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At Your Appointment

What to Ask About Knee Osteoarthritis

What is arthroscopy?

Arthroscopy

Arthroscopy is a minimally invasive surgery used to diagnose and treat joint injuries and diseases. Common conditions include damaged cartilage and ligaments. Arthroscopy involves inserting small surgical tools and an arthroscope (a tiny camera) through small incisions. The arthroscope sends pictures of the inside of your joint to a video screen that your doctor watches while performing surgery.

Arthroscopy has risks and potential complications. You may have less invasive treatment options. Consider getting a second opinion about all of your treatment choices before having an arthroscopy. 

Other surgical procedures that may be performed

Your doctor may also perform a biopsy. A biopsy is the removal of a sample of cells or tissue. The sample is tested for cancer and other diseases.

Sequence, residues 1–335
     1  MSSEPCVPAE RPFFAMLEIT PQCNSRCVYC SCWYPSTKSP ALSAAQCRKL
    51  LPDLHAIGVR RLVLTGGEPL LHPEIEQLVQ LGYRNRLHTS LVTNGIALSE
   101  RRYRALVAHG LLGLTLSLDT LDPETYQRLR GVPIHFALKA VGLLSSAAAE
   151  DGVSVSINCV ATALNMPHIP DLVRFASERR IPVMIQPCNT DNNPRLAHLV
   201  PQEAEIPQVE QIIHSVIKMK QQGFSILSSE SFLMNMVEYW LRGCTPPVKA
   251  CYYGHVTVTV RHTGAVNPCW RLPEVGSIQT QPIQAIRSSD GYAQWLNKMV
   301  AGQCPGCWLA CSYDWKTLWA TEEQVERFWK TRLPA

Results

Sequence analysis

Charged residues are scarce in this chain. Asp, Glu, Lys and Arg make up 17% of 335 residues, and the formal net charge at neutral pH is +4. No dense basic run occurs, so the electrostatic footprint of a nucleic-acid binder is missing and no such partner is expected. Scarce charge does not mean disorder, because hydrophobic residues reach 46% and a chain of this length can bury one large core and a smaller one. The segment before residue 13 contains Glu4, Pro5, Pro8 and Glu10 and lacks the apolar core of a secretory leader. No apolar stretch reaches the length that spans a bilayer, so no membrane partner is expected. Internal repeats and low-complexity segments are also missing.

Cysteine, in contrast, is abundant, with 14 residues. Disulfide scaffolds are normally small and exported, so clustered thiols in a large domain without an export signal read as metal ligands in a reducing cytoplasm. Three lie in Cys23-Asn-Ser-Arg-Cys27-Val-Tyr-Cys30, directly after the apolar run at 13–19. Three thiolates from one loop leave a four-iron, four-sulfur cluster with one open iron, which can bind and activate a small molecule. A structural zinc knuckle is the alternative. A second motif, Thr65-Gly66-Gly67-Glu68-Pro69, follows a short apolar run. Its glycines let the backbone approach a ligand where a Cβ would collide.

You may need open surgery (arthrotomy) for a joint condition that your doctor cannot treat with arthroscopy. Open surgery involves making a longer incision that allows your doctor to directly view and treat the joint.

Medical Reviewers: Daphne E. Hemmings, MD, MPH Last Review Date: Jul 4, 2013

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View Sources

Medical References

Arthroscopy. American Academy of Orthopaedic Surgeons. http://orthoinfo.aaos.org/topic.cfm?topic=a00109. Accessed April 19, 2013.
Arthoscopy.com. The Center for Orthopaedics& Sports Medicine. http://www.arthroscopy.com/. Accessed April 19, 2013.
Patient Information and Brochures. Arthroscopy Association of America. https://www.aana.org/Home/tabid/36/Default.aspx. Accessed April 19, 2013.
Pile, JC. Evaluating postoperative fever: A focused approach. Cleveland Clinic Journal of Medicine. 2006;73 (Suppl 1):S62.http://ccjm.org/content/73/Suppl_1/S62.full.pdf. Accessed April 19, 2013.

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